More than occasionally guilty of judging a book by its cover, when I quickly ordered my copy of Moo Pak for our non-structured book group, all I could idiotically think was that the chimp cover and unusual title did not bode well for me in my present reading mood. Grumpily commented to myself that if this was some forced attempt to render simple truth from exotic locale or to prise open the traditional limits of the novel, this was not objectionable but not the time for me. But I do trust Emily's bookish wonderfulness and as this was her pick, I attempted to banish the stress-induced pissiness and just get reading. Only to reveal the irony of my first impressions.
Moo Pak is a 151 page paragraph that streams through the peripatetic conversations between two friends, Anderson and Toledano, the former being the vessel and the latter the stream. While the narrator is Anderson, we hear very little from him as he recounts the monologue of his friend on every imaginable topic from word processing to who owns the Holocaust as critical fodder to the value of both family and solitary existence to the writer's or artist's life. The words "he says" and "he said" repeat again and again as Anderson faithfully details the wide-ranging and sometimes contradictory opinions of his friend all the while creating some of the most memorable passages I have read in a while, the mining of a man's mind in unedited form it sometimes seems, in all it's capriciousness. As Emily astutely pointed out in her review today, "Because if there's one word to describe Gabriel Josipovici's critical-essay-cum-novella, it's 'quotable'."
On writing (and self-reflexively foreshadowing the conclusion of this work):
"If I stayed with the first paragraph, he said, it wouldn't get better and I would never discover how it could get better. Only the last paragraph can tell you whether you've got the first paragraph right, he said, only the last word can make sense of the first. There is no mot juste, he said, at least not till the whole book is more or less juste. The search for the mot juste, he said, leads to overwriting and dullness and the dreadful proliferation of adjectives."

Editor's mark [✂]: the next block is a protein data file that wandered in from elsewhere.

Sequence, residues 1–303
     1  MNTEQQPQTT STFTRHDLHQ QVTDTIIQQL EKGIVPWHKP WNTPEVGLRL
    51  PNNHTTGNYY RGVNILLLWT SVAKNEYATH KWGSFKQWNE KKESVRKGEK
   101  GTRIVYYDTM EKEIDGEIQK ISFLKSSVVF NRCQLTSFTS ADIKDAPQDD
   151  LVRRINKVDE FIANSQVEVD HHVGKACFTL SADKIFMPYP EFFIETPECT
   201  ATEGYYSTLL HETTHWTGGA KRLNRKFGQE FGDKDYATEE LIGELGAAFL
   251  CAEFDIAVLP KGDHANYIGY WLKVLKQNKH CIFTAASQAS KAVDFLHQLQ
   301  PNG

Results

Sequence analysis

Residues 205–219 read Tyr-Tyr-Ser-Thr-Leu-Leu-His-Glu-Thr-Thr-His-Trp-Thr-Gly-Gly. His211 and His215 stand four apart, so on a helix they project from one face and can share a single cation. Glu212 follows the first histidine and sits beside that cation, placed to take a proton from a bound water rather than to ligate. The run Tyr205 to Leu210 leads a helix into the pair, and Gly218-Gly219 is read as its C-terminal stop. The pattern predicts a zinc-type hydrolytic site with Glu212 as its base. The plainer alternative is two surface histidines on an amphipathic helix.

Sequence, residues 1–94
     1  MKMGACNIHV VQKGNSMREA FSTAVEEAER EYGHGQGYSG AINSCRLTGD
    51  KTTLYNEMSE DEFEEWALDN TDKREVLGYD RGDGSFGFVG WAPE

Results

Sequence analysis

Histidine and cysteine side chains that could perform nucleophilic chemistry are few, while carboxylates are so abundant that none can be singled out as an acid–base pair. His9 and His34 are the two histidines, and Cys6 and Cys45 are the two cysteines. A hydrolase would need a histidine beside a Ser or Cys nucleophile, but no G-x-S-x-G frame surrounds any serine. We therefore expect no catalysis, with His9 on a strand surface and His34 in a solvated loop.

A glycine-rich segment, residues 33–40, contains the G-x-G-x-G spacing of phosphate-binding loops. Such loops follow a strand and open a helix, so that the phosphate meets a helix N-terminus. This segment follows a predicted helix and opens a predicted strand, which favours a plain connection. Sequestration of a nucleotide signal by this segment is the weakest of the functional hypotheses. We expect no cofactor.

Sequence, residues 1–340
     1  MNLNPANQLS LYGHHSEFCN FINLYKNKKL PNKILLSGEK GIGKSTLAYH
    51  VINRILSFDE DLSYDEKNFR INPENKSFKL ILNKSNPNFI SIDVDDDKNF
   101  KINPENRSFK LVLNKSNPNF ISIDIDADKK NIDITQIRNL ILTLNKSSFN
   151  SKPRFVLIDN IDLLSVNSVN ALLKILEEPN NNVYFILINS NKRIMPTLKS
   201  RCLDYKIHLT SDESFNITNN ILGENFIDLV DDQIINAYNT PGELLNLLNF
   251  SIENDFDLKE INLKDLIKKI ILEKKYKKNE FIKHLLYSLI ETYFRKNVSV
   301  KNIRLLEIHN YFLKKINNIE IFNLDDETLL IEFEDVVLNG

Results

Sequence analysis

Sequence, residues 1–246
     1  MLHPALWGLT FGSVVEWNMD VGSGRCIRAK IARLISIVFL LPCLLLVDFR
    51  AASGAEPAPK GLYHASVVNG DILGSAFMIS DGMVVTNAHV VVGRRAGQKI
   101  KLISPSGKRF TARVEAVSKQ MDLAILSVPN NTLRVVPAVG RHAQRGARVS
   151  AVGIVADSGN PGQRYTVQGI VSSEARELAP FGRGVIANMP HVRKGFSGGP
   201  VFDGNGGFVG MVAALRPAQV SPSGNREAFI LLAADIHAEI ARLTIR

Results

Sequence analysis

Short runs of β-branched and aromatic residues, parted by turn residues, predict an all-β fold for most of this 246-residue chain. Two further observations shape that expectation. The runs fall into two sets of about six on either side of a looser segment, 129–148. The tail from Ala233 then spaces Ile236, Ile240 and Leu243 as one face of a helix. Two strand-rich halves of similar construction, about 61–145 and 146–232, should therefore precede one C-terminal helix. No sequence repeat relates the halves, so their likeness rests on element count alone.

"Those who are best at friendship, he says, are these whose deepest needs are satisfied elsewhere, by their sexual partners or their work or their children. On the other hand those that try to satisfy their deepest needs through friendship inevitably end up without any friends at all. This is my one area of disagreement with Proust, he says, that in his anxiety to give due weight to solitude, to sexual desire and to art, he feels compelled to play down completely the importance of friendship and of the conversation of friends."
On writers turned media whores:
"And when he was asked to read an extract from that book, in the course of a television interview, he chose precisely this section to read from, thus turning something deeply private into a form of rhetoric and implicitly asking the viewer to witness how moved he was and how terrible his misfortune. I have no doubt that Naipaul is an admirable man, he said, and I have no doubt that he suffered greatly at is tragic double loss. But his reading out the passages which deal with this on television, as though asking us both to sympathise with his plight and admire his writing, I found deeply distasteful and symptomatic of our modern culture."
They walk through London together over the course of many years and yet this stream of thoughts presents in a timeless and formless way in which we could easily be uncertain as to the time that has passed without direct reference to it. There is irony in the fact that Toledano's great novel defies fruition, and remains as unorganized as the thoughts presented here. His opinions are forceful and informed by an excellent knowledge but contradictory. He possesses a great intellect but is emotionally poor, deserted by his wife and left alone to his unfinished morphing thoughts. Even in this state though, he refuses to indulge the "stain of sentimentality" that he believes mars English literature.
There is another conversation to have here, of modernism and post-modernism and creativity. A conversation that starts where the books ends. But that would be an intolerable spoiler for those who have yet to wallow in this one. Suffice it to say, "only the last word can make sense of the first." While caught in what seemed an unwelcome slowing in the middle of the text, I would not have said that this book was perfect. But after reading the conclusion I changed my mind. Now to read it again informed by that last word.